“Our system of property rights has been devised out of much hard experience for the purpose of confirming the liberty and independence of the people. It cannot be limited or destroyed without limiting or destroying the opportunity of the people…
“Our system does not put property rights above human rights. We regard our material resources as a means to a higher life. We undertake to protect property rights for the sole purpose of protecting human rights.
“No one should deny that there have been abuses of property. We have had thieves and swindlers since the world began. But that is no reason for discarding a sound system. Guilt is personal. If a bookkeeper by accident or design falsifies his ledger we do not condemn the rules of arithmetic; we try to reform the bookkeeper. The trouble with him was that he did not observe the rules. Because we sometimes suffer from ignorance and dishonesty is no reason for changing our system of property rights. We cannot make the exception the rule. We must make the offenders observe the system. Besides, the great mass of the people are honest and the great mass of business transactions are scrupulously correct.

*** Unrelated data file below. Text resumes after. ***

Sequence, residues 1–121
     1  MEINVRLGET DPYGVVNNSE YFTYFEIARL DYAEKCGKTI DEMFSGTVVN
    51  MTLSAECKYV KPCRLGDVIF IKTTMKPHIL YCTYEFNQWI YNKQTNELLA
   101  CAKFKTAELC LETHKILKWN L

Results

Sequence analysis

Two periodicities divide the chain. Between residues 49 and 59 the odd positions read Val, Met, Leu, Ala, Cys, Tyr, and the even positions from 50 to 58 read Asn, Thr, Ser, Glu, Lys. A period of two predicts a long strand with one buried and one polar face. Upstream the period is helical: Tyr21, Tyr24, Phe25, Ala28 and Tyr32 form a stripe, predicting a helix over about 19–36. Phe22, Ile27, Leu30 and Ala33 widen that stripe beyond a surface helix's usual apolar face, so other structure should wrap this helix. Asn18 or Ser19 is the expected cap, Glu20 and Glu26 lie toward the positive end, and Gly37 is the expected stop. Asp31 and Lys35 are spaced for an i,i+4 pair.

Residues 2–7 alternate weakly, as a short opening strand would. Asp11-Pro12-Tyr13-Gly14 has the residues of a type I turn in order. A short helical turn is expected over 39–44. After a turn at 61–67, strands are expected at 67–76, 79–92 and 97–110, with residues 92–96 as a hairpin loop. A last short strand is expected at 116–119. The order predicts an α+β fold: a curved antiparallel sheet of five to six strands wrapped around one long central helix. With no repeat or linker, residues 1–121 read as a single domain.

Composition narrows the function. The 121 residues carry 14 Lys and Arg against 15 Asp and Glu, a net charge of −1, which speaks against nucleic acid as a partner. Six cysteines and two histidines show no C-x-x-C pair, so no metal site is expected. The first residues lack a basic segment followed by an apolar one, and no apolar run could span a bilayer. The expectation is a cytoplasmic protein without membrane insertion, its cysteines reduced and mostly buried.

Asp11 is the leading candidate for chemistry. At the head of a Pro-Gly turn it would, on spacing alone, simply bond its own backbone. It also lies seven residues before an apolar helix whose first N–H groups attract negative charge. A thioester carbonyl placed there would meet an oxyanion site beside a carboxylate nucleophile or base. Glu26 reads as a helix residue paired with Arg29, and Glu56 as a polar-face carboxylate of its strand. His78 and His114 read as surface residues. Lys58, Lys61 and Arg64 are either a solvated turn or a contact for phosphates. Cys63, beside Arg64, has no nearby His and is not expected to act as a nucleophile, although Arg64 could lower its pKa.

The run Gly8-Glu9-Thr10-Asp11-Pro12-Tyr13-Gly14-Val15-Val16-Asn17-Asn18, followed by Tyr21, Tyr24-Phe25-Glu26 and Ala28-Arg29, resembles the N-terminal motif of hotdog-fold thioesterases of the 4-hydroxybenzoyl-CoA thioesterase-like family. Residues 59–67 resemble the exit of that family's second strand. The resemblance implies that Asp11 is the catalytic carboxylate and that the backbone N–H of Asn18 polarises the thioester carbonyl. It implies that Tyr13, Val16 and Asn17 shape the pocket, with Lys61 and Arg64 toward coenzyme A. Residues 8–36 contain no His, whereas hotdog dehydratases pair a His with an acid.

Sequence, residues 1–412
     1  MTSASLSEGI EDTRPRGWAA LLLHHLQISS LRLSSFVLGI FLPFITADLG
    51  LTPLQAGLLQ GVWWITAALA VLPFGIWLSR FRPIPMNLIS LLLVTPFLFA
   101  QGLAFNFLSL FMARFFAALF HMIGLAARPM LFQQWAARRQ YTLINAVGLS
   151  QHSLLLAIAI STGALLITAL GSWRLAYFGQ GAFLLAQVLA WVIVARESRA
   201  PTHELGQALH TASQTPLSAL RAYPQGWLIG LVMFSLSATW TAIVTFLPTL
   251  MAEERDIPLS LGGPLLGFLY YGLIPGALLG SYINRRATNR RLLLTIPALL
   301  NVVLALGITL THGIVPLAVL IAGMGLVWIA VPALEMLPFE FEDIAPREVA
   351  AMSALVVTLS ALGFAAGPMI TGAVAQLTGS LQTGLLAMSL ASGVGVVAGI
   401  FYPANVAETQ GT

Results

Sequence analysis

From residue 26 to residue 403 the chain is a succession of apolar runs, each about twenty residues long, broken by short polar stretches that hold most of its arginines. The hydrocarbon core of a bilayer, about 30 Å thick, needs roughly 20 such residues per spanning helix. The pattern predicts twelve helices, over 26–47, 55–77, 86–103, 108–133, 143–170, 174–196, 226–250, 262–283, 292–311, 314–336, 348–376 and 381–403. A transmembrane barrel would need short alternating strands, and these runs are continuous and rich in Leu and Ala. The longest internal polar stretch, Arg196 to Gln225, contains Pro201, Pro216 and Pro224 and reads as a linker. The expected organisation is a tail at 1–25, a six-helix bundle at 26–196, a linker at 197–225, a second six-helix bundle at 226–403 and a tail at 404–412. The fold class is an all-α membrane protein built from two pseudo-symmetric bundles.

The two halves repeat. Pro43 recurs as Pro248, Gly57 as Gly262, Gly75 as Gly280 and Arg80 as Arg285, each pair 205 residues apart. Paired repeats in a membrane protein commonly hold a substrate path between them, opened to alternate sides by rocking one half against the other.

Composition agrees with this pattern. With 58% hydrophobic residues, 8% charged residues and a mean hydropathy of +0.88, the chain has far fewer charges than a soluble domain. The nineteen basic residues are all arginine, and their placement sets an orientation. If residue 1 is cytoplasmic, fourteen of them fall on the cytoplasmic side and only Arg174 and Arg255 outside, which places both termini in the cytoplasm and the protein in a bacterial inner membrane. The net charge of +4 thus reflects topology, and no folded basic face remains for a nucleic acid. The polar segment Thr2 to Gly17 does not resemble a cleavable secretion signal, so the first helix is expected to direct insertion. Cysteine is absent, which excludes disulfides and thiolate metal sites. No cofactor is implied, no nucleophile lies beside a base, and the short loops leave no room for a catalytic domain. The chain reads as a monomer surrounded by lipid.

“There is always a temptation in time of adversity to think anything would be better than that which we have. Naturally we ask ourselves why, if our system is sound, it does not work better. The answer is that our system has worked better than any other that was ever devised. Under it we have had more progress and more comfort than ever came to any other people. Even in our present distress we are better taken care of than we could be under any other system. We are wise enough to know that there is no system of property rights that is proof against human folly and greed. We cannot expect perfection. We do expect improvement. But that is no reason why we should agree with those who would persuade us that all our hard-won victories were mistakes which we ought now to abandon. Our greatest hope of success materially and spiritually lies in the continued support of those political and economic institutions which were established by the Constitution of the United States” — former President Calvin Coolidge, excerpt of “Everyman’s Property,” Collier’s, July 23, 1932.